There is an exercise that is often used during group training sessions. The facilitator hands someone a story written on a slip of paper, and it is passed along via confidential whispers person to person.
When everyone has been informed, the last person to hear the news is asked to tell everyone what they were told. In the end, the facilitator reads the original statement word for word, and it is clear that the details were distorted as the story was passed down.
This kind of thing enter the picture when it comes to misconceptions that circulate about estate planning, and we will look at some common myths in this post.
Estate planning is strictly for senior citizens.
Caring.com conducts research into the subject of estate planning preparedness each year, and the results are not encouraging. In 2020, 16.4 percent of people between the ages of 18 and 34 had estate plans in place. The figure was 27.2 percent for individuals in the 35 to 54 age group.
Surprisingly, just 47.9 percent of respondents that were 55 years of age and older had wills or trusts. All these figures for 2020 are lower than they were in 2019, so the numbers are trending in the wrong direction.
The idea that estate planning can be placed on the back burner until you are a senior citizen makes sense from one perspective. Yes, most people do not pass away before their time, but there is another element that is quite relevant.
Children of senior citizens are going to be adults in their own right. In almost all cases, they do not rely on their parents for support, so a lack of planning would not have a devastating impact.
On the other hand, many adults that are in the younger age groups are the parents of dependent children, and most of them have spouses. A sudden loss of one income could make a horrible situation that much worse, and there is also the matter of child guardianship.
Every responsible adult should have an estate plan in place, and it is an absolute must when you have other people depending on you.
Trusts are only for the rich.
This is a very damaging myth, because there are trusts that are very useful for people that are not multimillionaires. The revocable living trust is the ideal alternative to a simple will for a number of different reasons, and there are other types of trusts that satisfy specific objectives.
You should definitely discuss all of your options with an estate planning attorney before you make any final decisions.
The inheritors receive their bequests right after the death of the testator when a will is used.
This misconception has been perpetuated in fictional dramatizations that you may have seen in movies or on television shows. There is a “reading of the will” by the executor after the funeral, and it is depicted as the beginning and end of the process.
In reality, a will is admitted to probate, and the court provides supervision during the administration phase. No inheritances are distributed while the estate is being probated, and it will take eight or nine months at minimum in most jurisdictions.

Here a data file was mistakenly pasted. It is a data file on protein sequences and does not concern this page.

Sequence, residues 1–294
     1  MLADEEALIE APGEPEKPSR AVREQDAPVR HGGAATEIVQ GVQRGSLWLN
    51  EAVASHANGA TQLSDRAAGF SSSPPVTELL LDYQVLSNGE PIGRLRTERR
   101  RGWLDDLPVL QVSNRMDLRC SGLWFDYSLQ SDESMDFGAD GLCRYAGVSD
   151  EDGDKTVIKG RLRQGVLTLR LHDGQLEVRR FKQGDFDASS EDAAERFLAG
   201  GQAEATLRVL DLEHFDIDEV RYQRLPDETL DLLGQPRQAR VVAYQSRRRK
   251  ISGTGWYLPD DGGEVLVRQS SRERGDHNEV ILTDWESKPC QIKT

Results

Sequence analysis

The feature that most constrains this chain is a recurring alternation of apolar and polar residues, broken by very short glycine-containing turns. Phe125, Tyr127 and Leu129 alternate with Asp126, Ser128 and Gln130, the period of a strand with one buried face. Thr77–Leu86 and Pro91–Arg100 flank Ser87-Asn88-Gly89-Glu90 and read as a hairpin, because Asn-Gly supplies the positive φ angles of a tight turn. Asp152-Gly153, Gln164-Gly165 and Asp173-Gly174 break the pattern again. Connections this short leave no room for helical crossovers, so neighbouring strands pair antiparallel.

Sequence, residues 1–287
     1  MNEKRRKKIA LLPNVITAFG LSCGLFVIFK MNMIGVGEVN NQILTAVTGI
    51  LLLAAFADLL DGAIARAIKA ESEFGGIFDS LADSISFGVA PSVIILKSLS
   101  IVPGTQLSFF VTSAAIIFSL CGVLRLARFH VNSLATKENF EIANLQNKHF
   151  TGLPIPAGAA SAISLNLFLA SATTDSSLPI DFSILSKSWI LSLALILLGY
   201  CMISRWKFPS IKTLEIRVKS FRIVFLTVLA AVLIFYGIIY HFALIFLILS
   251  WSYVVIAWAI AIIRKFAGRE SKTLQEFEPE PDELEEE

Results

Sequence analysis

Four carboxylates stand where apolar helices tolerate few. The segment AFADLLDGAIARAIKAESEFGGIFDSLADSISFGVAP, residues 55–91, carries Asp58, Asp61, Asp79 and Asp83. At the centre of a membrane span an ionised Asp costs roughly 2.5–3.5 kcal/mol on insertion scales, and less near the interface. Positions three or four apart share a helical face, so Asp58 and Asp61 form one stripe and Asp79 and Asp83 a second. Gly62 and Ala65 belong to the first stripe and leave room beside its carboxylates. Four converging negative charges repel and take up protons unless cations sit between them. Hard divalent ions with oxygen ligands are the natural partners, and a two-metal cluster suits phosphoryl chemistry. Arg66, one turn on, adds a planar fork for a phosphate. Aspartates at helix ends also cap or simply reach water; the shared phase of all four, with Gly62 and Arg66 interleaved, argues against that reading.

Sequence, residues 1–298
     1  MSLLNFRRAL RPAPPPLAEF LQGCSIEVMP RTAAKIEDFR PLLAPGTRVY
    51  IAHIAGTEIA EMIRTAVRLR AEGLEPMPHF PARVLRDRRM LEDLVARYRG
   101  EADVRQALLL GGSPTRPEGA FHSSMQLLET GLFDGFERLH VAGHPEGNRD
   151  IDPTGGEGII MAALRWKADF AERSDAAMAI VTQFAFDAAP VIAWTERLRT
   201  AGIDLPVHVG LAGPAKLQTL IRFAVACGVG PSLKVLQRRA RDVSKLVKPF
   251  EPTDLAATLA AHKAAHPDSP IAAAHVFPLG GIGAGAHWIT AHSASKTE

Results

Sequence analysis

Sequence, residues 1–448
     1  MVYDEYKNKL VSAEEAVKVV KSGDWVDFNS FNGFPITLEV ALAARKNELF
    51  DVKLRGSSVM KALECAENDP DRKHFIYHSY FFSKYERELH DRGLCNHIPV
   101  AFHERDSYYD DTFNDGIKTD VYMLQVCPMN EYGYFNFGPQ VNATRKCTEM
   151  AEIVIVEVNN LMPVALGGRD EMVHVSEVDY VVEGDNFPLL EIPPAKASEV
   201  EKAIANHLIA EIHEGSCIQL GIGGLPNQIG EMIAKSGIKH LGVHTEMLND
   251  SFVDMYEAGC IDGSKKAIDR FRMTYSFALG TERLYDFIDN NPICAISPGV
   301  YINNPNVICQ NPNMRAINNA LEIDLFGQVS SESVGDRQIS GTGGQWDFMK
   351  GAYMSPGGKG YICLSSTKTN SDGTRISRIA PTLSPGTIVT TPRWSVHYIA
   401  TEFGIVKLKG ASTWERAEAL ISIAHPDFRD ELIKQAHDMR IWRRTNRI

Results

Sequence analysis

If you use a living trust as the centerpiece of your estate plan instead of a will, the assets will be distributed to the beneficiaries outside of probate.
It’s easy to plan your estate on your own using boilerplate documents that you buy online.
Why don’t people draw up their own documents when they buy a home? If you wanted to sue someone, would you try to figure out how to do it on your own?
Estate planning involves arranging for the transfer of all of your resources to the people you love the most. This is a profound endeavor, and it is really not an appropriate DIY project.
You facilitate asset transfers when you plan your estate, and that’s the long and short of it.
Obviously, you have to state your wishes with regard to the distribution of your resources when you plan your estate. This being stated, you should also account for end-of-life eventualities.
Many people become unable to make sound decisions late in their lives, and you can account for this if you execute the appropriate incapacity planning documents.
You can record your life support preferences in a living will, and you name a medical decision-maker in a durable power of attorney for health care.
If you have a living trust, you would act as the trustee while you are alive and well, and you can designate a disability trustee to assume the role in the event of your incapacity.
A durable power of attorney for property can be added to name a representative to handle property that is not held by a trust.
Schedule a Consultation Today!
We are here to help if you are ready to work with an estate planning attorney to put a plan in place. Since we have offices in Westport and Glastonbury, most people in Connecticut can easily reach one of our locations.
You can set up a consultation appointment if you call us at 860-548-1000, and you can alternately send us a message through our contact page.